Klay Thompson out vs 76ers; Warriors star likely to have MRI on knee


Klay Thompson out vs 76ers; Warriors star likely to have MRI on knee

The Warriors already have lost two consecutive games, and now they received some bad news Saturday morning. 

Klay Thompson (right knee) and Kevon Looney (right pelvis) have been ruled out for their matchup against the 76ers. And the news possibly is serious for the Warriors' All-Star shooting guard.

"He hurt it during the game [Thursday in Orlando], he banged his knee on the floor, and it didn't really hurt him until yesterday morning," Warriors coach Steve Kerr told reporters. "It's inflamed enough where it doesn't make sense to play him tonight. Our docs will check him out tomorrow when we get back."

Kerr then was asked if Thompson will need to receive an MRI, and the coach said: "Probably. But we'll see."

Thompson scored 21 points in the Warriors' 103-96 loss to the Magic on Thursday night. He's averaging 22 points per game on the season. 

[Durant Q&A: Warriors star addresses legacy, why NBA won't fulfill him]

Alfonzo McKinnie will start in Thompson's place, Kerr announced to reporters. 

Why Steve Kerr, 2017 Warriors knew they were going to win championship

Why Steve Kerr, 2017 Warriors knew they were going to win championship

The 2016-17 Golden State Warriors arguably are the greatest team in NBA history.

They nearly swept through the entire postseason, before dropping Game 4 of the NBA Finals on the road against the Cleveland Cavaliers.

Winning the championship, of course, was not a surprise to anybody -- especially the Warriors themselves.

“I think the first championship just kind of came out of nowhere. Deep down, I think we weren’t really sure in 2015 that we could win it," coach Steve Kerr recently said to Wes Goldberg of the Bay Area News Group. "We were trying to convince ourselves that we could, but we didn’t really know.

"And whereas in ’17 we knew we were the best team in the world, and we knew we were going to win the championship. We had the champion’s confidence for winning in ’15 and then we had Kevin Durant. So it’s like a totally different level of belief.”

Yeah, that KD guy was pretty, pretty, pretty good (Larry David voice).

He averaged 35.2 points, 8.2 rebounds, 5.4 assists, 1.6 blocks and 1.0 steals, while shooting nearly 56 percent from the field and better than 47 percent from deep.

It's insane to think about the fact that about three-and-a-half months prior to hoisting the NBA Finals MVP trophy, Durant was told that his season was over after injuring his knee against the Washington Wizards on Feb. 28.

[RELATED: Why KD’s first NBA title was beginning of his Warriors end]

"The first diagnosis we got was that I broke my leg -- fractured my tibia," he said on The Bill Simmons Podcast in late March 2017. "And that's a four or five month recovery ... I just bust out crying ... this is my first year with the team, we're playing very well at the time. I was playing well individually. It was definitely a good time for our team.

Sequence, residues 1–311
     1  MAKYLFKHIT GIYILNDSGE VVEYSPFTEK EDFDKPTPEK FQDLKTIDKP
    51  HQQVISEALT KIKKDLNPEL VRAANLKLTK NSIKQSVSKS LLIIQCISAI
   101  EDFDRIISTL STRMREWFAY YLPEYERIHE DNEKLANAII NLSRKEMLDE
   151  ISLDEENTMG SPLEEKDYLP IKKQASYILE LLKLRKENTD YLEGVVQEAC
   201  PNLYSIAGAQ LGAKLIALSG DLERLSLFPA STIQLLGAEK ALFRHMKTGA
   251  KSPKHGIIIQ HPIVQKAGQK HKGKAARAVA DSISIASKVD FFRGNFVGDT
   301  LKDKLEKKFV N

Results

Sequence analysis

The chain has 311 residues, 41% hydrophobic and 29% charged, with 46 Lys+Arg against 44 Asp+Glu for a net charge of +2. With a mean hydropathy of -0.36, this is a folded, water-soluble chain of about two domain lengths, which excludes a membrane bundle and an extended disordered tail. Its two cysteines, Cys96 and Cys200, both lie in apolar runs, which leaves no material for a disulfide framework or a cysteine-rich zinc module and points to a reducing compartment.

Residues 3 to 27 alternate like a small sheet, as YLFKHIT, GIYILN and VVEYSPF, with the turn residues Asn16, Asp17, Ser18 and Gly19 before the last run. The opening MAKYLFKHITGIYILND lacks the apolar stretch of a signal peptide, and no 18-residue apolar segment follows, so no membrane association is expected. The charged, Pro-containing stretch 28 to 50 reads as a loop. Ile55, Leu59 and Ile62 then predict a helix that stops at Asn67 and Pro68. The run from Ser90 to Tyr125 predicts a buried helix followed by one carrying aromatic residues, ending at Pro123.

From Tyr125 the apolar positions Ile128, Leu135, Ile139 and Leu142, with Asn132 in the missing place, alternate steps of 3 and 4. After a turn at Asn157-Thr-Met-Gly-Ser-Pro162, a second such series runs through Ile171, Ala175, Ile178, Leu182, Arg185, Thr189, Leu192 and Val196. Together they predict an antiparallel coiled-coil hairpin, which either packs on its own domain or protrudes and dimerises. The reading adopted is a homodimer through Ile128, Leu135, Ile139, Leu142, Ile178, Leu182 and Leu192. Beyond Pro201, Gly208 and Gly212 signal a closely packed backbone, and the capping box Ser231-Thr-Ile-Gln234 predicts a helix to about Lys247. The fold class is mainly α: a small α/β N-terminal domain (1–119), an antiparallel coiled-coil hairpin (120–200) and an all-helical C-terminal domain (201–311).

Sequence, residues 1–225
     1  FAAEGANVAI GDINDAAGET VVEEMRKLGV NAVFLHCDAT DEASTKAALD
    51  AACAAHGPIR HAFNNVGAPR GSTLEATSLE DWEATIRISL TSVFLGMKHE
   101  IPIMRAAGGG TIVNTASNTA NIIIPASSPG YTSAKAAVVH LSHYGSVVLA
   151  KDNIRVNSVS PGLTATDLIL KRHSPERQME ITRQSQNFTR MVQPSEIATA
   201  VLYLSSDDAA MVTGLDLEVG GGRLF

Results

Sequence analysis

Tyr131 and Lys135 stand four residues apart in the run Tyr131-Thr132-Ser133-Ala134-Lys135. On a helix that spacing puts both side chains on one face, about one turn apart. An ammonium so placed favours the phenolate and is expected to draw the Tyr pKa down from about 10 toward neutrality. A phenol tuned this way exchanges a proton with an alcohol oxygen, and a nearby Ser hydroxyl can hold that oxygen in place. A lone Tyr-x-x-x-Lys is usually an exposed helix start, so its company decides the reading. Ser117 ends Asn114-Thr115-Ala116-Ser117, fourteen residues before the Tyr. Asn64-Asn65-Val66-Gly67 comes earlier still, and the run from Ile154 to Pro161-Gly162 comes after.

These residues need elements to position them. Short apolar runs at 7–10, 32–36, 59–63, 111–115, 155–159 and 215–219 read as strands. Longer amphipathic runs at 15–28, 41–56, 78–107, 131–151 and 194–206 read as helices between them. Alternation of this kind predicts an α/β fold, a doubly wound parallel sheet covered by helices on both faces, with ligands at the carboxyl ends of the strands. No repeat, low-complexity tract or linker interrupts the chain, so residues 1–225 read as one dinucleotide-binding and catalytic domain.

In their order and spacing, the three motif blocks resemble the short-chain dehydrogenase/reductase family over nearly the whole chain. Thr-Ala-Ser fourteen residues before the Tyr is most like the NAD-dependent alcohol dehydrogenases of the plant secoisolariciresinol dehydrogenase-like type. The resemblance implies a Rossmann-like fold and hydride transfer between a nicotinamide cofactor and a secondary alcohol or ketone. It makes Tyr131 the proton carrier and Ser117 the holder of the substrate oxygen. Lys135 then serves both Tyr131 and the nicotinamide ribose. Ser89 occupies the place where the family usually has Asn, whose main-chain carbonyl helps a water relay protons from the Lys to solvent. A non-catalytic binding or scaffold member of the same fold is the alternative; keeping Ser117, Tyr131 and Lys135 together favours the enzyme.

"I wrapped my mind around this long recovery and what it's gonna take for me to get back. And then we got a call like, 'We checked the scans again ...' and they told me it was just a bruise there and I sprained my MCL.

"And that reaction in the car was like second to none. That emotional roller coaster was something out of a movie."

That's some wild stuff.

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Kerith Burke misses one thing about sports during coronavirus stoppage

Kerith Burke misses one thing about sports during coronavirus stoppage

Editor's note: Like you, NBC Sports Bay Area insiders, reporters and analysts are feeling the sports void during the coronavirus stoppage. They'll share their thoughts every Monday, Wednesday and Friday in "What I Miss About Sports." First up in the series: Warriors reporter Kerith Burke.

A career in sports took me away from home. Games brought me to cities I had never seen before -- Miami, Chicago, Houston, Phoenix. When I worked in New York, the time-zone difference meant I was three hours ahead of my family out West in Washington.

My dad could watch the network I worked for, thanks to an awesome TV sports package at his gym. When I sat down to anchor a show at 10:30 p.m. ET, he’d hop on an elliptical machine at 7:30 p.m. PT to watch. We had a routine.

After work, I knew I’d have a text from my dad. “Nice show tonight.” Or, “Good energy.”

Sometimes, “A few stumbles.” Or, “Not your best show.” Oh yeah, he kept it real.

I knew my dad was watching, at a job where it helps to pretend no one is watching to keep down the nerves. It was an audience of one, and he was proud of me. It became reflexive to check my phone to see his messages.

That’s what I miss about sports. The togetherness across the miles. The connectivity. We debated whether Carmelo Anthony should leave the Knicks, and if Mets pitcher Matt Harvey really had the stuff or simply had a moment in time.

When I moved to the Bay Area, my parents ordered NBA League Pass to watch Warriors games. My mom got in on the texting.

“What are you wearing and where are you sitting?” Spotting me on TV was my family’s "Where’s Waldo."

The NBA’s hiatus feels like a broken link to my favorite people. That feeling carries beyond my family, too.

[RELATED: Warriors' creative workouts during coronavirus stoppage]

So much of my career has revolved around a sports schedule: Working nights, weekends and holidays. Career becomes purpose becomes identity. Devote so much time to something, and it defines you. I’m fortunate to love my job, so I embrace the definition. I am a sports reporter.

At the moment ... I am adrift.